Pectin is a natural component of plants, abundant in fruits like apples and citric fruits. It is associated with cellulose in plant tissues, where it plays a fundamental role in determining their mechanical properties. It is associated with cellulose in the tissues of plants, where it plays a fundamental role in determining its mechanical properties.
In plant cells, pectin binds with cellulose to form prospecting, which has the ability to absorb great amounts of water. Cellulose gives the supporting tissues their rigidity while the pectic components give the plant its flexibility.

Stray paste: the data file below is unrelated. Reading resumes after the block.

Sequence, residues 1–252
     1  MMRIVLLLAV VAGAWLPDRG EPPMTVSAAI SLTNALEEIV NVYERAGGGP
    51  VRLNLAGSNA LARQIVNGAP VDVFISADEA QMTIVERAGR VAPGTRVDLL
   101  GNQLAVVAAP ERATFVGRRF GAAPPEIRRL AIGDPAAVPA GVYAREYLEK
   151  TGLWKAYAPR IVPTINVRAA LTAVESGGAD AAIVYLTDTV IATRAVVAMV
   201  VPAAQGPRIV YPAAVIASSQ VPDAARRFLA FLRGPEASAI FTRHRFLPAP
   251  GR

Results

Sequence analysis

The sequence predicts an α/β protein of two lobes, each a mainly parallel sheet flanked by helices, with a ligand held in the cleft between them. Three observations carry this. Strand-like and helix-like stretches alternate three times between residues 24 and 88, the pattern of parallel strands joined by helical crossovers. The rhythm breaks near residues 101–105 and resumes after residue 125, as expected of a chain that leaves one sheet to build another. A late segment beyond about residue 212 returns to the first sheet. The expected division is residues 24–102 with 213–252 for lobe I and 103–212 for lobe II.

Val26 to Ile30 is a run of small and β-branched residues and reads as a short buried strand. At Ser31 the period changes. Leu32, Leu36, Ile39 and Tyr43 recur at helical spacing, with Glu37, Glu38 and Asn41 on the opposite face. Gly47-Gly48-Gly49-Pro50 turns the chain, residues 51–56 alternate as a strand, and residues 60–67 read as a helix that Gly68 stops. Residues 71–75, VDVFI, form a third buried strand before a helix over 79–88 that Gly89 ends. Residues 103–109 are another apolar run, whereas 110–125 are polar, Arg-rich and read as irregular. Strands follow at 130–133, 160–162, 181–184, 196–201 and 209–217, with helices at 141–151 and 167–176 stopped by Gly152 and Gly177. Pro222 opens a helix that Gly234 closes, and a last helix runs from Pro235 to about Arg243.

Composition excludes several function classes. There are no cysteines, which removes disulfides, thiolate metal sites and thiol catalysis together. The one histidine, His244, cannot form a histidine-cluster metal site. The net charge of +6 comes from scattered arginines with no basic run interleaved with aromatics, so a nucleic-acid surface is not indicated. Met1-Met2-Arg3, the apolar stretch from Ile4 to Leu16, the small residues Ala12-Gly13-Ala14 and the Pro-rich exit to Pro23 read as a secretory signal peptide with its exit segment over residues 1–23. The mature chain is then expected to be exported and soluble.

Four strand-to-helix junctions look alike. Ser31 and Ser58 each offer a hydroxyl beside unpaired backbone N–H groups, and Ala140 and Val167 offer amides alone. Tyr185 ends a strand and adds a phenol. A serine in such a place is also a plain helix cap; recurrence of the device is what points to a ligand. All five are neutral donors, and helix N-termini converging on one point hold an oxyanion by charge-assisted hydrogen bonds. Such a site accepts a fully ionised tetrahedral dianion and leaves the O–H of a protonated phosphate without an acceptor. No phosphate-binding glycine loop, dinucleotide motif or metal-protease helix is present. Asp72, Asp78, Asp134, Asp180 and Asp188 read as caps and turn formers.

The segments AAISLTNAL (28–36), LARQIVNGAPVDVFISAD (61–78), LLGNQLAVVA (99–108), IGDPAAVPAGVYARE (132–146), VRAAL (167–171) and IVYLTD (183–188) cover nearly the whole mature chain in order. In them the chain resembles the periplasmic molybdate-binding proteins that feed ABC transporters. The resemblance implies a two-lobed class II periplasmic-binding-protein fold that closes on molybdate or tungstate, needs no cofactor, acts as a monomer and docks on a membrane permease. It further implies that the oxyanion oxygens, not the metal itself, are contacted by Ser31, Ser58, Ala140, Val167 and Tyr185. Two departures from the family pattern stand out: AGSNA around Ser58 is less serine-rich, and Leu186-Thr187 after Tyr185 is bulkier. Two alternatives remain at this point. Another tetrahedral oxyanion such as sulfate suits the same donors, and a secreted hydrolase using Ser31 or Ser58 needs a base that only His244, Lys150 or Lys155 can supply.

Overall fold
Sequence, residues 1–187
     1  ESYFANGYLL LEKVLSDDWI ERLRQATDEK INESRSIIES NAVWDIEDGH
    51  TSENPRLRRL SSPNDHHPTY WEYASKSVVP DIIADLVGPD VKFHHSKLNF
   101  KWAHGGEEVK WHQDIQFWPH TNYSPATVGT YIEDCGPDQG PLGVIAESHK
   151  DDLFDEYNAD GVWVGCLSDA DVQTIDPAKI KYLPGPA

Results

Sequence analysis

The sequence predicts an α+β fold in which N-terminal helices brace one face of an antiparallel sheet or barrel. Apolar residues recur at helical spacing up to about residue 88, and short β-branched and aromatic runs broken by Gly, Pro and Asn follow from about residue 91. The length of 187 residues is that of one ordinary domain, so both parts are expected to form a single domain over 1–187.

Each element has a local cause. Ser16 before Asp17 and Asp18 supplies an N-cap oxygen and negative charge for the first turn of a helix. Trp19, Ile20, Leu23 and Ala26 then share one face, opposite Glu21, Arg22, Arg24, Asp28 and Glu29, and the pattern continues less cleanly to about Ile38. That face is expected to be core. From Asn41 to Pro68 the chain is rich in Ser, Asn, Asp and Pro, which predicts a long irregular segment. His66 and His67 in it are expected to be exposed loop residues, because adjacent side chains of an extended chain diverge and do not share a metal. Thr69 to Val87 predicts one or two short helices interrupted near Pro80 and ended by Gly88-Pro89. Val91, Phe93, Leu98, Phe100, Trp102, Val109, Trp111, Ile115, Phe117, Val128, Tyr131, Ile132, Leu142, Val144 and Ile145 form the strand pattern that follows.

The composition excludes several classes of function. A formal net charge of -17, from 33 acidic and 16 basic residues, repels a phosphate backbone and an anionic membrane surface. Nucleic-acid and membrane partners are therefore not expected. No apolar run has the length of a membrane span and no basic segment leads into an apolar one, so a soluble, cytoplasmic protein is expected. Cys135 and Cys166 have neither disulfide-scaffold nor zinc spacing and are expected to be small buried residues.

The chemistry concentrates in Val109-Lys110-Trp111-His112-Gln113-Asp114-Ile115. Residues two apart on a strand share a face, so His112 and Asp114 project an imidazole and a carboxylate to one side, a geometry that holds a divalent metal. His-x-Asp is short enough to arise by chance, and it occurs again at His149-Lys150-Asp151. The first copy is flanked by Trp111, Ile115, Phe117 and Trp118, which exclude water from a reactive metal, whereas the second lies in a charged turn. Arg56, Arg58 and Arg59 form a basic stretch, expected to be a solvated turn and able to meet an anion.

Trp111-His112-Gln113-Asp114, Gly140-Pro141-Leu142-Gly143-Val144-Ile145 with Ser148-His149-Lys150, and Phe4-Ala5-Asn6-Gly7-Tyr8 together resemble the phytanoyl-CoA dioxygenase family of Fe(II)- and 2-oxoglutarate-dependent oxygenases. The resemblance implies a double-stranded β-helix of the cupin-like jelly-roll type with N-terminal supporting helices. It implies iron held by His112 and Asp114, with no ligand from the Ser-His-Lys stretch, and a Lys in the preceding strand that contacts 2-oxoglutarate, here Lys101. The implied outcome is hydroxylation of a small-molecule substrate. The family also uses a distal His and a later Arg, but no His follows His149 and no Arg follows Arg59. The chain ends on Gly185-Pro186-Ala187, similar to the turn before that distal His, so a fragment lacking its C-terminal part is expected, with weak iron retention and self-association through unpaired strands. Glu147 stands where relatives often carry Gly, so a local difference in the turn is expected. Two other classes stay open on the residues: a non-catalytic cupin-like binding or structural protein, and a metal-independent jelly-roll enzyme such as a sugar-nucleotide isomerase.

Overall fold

Pectin has only been produced industrially since early in the 20th century, but has long been used traditionally as gelling agent in jams.
In industry and at home, pectin is well known for its gelling, thickening and stabilizing properties. Today, it is used in diverse applications, such as: yogurt, confectionery and acid milk drinks. It has the image of a natural product and acknowledged nutritional benefits. For all these reasons, new uses are constantly being found for pectin in the food industry and also in pharmaceutical and cosmetic applications.
- Unipectine® pectin
Some Cargill products are only approved for use in certain geographies, end uses, and/or at certain usage levels. It is the customer's responsibility to determine, for a particular geography, that (i) the Cargill product, its use and usage levels, (ii) the customer's product and its use, and (iii) any claims made about the customer's product, all comply with applicable laws and regulations.